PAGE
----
Several factors can drive a premature filing, ranging from the inventors’ desire to publish, fear of being pre-empted by competition or simply lack of proper planning. A well thought-through project plan, as described above, will facilitate identification of the evidence required to set an innovation on a commercialization trajectory, with its associated steps and timetable, one of whose elements will be an IP protection plan. The IP protection element of the plan must address not only the issues of the breadth of patent filing, but also the adequacy of protection afforded. In these circumstances opting to delay filing is not prevarication but a positive and conscious decision to strengthen the IP first, and ultimately increase the prospects of licensing.

IV. Drive for the Deal:

The overriding objective in technology transfer is to get the innovation "out the door" into the commercial domain. While some TTOs operate a well-honed machine, even proactively creating new business models and funding mechanisms as vehicles for technology transfer, it is surprising that others still are remarkably complacent in tolerating a portfolio of maturing non-performing assets. In the most extreme case we have seen, a TTO portfolio review revealed that almost three quarters of an aging and increasingly expensive IP portfolio had received no attempt at attracting industry partners.

Almost from first disclosure, the TTO needs to think about route to market, prospective licensing partners and/or creation of spin-out vehicles, and the likely evidence base and timing required. This should be formalized in a commercial development plan (as described above), which is periodically updated in the light of additional experimental data, availability of translational funding, competitive activity, and any feedback from prospective partners (see our paper "Planning for Partnering"). Once the technical data package is available, the TTO must be ready with its prioritized target company list, non-confidential and confidential pitch-decks - and an engaged inventor! – to lead the outreach process. As for all partnering activity, it is important, as far as possible, to avoid serial discussions to avoid losing time, and to keep multiple options in play to maintain competitive pressure, until Non-binding Term Sheet.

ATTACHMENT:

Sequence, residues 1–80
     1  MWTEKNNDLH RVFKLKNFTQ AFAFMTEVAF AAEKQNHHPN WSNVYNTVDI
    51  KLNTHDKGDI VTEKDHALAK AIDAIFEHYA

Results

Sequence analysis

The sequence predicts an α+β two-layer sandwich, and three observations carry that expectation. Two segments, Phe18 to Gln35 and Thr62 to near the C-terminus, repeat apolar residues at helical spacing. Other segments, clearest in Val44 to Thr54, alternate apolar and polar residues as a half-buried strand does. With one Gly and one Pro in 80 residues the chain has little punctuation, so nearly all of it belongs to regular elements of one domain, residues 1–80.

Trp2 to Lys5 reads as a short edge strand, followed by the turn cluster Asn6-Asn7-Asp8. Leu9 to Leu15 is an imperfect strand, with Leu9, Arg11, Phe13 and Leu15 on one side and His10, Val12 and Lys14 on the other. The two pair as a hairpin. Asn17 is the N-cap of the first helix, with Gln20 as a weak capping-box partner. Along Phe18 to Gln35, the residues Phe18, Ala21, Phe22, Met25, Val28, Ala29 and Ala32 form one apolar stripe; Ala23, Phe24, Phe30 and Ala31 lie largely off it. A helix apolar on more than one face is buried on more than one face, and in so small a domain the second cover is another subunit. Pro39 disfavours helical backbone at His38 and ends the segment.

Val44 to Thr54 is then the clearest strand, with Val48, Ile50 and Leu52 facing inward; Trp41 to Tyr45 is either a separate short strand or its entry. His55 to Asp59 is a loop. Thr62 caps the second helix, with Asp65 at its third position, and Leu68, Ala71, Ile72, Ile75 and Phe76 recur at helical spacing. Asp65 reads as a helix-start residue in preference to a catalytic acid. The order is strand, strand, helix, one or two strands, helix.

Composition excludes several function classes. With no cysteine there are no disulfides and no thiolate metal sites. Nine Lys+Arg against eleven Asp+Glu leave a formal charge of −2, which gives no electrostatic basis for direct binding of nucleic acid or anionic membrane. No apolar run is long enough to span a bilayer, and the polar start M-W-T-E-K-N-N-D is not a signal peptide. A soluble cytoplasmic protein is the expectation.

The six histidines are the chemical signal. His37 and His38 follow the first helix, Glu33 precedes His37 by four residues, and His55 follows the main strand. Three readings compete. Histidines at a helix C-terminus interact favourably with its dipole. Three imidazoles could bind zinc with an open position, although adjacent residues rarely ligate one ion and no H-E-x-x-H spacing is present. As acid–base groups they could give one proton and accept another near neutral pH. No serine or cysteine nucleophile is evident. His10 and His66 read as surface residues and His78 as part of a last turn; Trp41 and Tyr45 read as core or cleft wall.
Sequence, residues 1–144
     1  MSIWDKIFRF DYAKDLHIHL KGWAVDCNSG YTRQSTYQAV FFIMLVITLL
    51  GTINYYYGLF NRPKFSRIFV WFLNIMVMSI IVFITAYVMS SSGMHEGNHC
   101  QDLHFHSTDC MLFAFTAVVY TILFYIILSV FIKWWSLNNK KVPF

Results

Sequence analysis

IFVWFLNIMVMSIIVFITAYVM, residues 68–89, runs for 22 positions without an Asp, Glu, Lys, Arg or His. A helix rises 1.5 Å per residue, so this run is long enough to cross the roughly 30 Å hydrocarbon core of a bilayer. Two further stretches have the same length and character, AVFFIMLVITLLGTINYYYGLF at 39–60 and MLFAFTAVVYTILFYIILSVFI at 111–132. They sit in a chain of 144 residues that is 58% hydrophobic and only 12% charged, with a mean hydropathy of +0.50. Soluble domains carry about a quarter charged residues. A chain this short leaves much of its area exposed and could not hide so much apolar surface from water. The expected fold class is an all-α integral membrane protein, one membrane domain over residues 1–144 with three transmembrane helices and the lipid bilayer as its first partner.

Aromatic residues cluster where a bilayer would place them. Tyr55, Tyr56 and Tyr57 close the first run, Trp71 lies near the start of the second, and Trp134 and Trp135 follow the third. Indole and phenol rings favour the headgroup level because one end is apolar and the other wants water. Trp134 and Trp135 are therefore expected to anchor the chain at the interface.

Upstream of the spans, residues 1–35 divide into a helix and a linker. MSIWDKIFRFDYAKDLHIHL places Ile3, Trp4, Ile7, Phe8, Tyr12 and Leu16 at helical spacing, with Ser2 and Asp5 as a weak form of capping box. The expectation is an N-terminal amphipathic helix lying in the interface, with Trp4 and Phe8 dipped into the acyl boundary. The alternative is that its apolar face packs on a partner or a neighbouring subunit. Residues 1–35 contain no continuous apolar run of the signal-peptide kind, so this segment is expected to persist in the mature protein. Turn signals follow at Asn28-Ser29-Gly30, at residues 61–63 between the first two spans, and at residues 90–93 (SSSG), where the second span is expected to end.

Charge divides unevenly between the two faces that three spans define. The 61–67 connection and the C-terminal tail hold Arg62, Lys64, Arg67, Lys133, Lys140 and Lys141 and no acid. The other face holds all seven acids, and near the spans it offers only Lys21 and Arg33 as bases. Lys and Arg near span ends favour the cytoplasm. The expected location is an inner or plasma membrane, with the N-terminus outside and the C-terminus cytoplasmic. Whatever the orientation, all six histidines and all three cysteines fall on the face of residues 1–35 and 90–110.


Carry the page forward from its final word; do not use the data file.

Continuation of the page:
During the partnering process, the TTO together with the inventors, needs to be mindful of the hundreds or thousands of similar opportunities prospective partners will be invited to review, and remain very responsive to any requests for additional information. Our experience, from technology scouting projects for biopharma companies looking to in-license assets, is that TTOs vary widely in their ability to respond to questions, with some so glacially slow that we have doubted their interest in licensing at all.

Mirroring the need for responsiveness by the TTO, the university’s back-office internal approval and legal processes also need to be slick to ensure a swift progression from Non-binding Term Sheet through to completion. This is even more the case for spin-out deals than licensing transactions. Spin-outs consume at least an order of magnitude more time and effort than licensing transactions or industry collaborations and, because of this, need to be undertaken selectively and only when all the stars align. Spin-outs are typically challenging for university governance, and arise sufficiently infrequently at many institutions, that appropriate approval processes and experienced legal representation are not in place, and the TTO itself is inexperienced and struggles to provide a clear lead. This can lead to a prolonged and fraught negotiation. We have seen two situations where a prospective spin-out was in negotiation with university authorities for over two years - and in both cases the inventing scientist left in frustration, to join a more accommodating institution. There is no magic bullet for solving this problem, but recruiting experienced lawyers who can advise and guide the university goes a long way to addressing it.